Concerning Eliakim,
Otherwise Known as King Jehoiakim

Jeremiah 22:13-19 and Second Kings 23:36 to 24:4

DIG: After his brother was deposed, Jehoiakim became king. What did he use slave labor for? What was his father, Josiah, like? How did Jehoiakim compare with his father? How could such a good king have such an evil and immoral son? What arrogant and selfish behavior on the part of Jehoiakim angered God. How did YHVH feel about the notion that displays of wealth indicated greatness in a ruler? How did Ha’Shem judge Eliakim’s heart? What did the LORD say would become of Jehoiakim’s “greatness” at the end of his life?

REFLECT: Which leader (religious, civic or world) has made a great impact, positively or negatively, on you by their life? By their death? Explain. How are believers supposed to react to governing authorities today (Romans 13)? What if the government commands you to do something that is contrary to the Scriptures?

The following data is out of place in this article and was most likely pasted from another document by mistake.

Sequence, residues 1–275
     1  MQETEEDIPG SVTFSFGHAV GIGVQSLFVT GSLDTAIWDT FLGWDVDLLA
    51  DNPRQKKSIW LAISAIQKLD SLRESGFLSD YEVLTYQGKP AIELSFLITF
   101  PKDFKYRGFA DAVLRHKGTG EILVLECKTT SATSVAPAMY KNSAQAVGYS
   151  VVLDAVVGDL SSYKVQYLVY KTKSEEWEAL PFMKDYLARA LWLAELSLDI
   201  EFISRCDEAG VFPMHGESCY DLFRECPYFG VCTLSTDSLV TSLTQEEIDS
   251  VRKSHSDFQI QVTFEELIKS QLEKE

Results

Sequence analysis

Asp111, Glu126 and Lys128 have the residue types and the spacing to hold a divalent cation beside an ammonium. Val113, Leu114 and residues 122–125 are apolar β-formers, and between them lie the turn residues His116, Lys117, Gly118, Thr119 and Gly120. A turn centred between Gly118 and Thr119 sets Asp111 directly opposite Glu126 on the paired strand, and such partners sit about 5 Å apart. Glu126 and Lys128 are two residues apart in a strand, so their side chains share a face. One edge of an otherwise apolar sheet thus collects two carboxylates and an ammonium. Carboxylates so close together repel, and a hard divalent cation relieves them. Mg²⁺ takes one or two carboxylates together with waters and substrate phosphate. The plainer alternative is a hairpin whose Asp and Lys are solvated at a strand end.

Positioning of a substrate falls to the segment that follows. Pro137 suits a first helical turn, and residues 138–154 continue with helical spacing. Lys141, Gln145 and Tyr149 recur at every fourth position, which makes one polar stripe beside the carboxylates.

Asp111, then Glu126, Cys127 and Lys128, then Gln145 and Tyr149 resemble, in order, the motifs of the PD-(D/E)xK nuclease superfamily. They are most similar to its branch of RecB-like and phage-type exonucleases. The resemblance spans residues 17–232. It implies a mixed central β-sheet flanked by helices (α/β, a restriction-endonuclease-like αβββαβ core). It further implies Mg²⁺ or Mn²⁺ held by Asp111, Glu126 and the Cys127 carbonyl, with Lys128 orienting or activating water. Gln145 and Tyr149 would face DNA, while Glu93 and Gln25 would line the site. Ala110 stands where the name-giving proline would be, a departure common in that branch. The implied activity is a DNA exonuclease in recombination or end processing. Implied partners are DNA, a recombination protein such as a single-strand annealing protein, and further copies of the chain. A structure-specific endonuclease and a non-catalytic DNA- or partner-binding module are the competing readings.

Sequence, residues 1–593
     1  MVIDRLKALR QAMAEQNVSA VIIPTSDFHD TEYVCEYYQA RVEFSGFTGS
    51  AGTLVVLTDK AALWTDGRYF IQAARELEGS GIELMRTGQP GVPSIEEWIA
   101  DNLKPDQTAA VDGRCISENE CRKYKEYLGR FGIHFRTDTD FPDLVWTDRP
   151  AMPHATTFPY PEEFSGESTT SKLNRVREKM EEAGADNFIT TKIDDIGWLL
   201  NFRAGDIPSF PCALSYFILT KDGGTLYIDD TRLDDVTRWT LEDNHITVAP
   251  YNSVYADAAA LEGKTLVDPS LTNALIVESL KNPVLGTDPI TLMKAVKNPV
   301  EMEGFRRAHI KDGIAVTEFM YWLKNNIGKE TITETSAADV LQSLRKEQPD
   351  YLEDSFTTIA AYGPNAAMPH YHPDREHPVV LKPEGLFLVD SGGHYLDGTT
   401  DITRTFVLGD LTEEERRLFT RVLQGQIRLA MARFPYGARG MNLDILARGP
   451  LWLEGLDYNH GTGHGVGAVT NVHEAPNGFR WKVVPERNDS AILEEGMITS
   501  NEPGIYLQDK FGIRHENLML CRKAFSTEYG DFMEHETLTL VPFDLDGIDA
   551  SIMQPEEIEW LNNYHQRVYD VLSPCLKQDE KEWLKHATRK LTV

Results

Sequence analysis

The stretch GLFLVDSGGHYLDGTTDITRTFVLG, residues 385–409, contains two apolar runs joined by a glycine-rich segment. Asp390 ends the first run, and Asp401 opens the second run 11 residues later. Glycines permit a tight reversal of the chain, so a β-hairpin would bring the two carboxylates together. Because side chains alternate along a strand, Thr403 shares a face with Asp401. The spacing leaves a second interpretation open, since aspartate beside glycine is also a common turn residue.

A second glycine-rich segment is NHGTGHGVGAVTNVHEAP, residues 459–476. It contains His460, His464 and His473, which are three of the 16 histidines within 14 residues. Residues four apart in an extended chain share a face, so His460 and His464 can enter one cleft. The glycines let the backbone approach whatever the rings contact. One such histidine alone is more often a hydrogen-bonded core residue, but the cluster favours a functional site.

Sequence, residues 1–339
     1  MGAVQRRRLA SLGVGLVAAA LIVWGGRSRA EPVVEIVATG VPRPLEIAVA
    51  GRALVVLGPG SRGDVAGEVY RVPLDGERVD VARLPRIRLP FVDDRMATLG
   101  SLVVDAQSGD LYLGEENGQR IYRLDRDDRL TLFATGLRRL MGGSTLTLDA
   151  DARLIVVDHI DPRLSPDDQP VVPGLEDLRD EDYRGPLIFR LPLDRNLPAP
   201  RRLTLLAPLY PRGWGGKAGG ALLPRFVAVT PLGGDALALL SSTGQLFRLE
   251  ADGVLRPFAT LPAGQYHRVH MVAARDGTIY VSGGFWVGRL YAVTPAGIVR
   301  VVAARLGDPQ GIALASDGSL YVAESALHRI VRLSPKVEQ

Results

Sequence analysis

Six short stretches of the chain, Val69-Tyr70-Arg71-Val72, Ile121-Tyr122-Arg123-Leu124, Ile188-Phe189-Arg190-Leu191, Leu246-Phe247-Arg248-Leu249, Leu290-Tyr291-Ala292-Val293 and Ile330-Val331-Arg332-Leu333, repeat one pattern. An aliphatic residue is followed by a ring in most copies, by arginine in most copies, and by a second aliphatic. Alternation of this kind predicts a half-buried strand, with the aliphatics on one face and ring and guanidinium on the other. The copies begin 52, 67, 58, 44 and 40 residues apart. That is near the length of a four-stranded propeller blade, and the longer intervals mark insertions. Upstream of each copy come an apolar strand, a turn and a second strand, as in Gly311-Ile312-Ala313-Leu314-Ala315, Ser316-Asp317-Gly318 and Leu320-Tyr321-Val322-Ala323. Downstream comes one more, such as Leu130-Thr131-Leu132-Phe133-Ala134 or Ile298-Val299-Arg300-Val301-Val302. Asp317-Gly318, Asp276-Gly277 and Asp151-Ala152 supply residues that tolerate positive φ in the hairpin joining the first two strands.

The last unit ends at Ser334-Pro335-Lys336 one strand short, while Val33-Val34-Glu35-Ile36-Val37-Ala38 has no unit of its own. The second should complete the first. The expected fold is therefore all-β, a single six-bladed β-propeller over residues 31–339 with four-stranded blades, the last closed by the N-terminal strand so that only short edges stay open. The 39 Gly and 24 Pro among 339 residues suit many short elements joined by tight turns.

609 BC during the eleven-year reign of Jehoiakim

Yirmeyahu presents the picture of a wicked, selfish, vain, cruel, greedy ruler; a man lacking every quality sought in a king, yet immensely proud of his achievements. The rabbis teach that Jehoiakim was a godless tyrant who committed atrocious sins and crimes. He is portrayed as living in incestuous relations with his mother, daughter-in-law, and stepmother, and was in the habit of murdering men, whose wives he then violated and whose property he seized. He also had tattooed his body (Leviticus 19:28).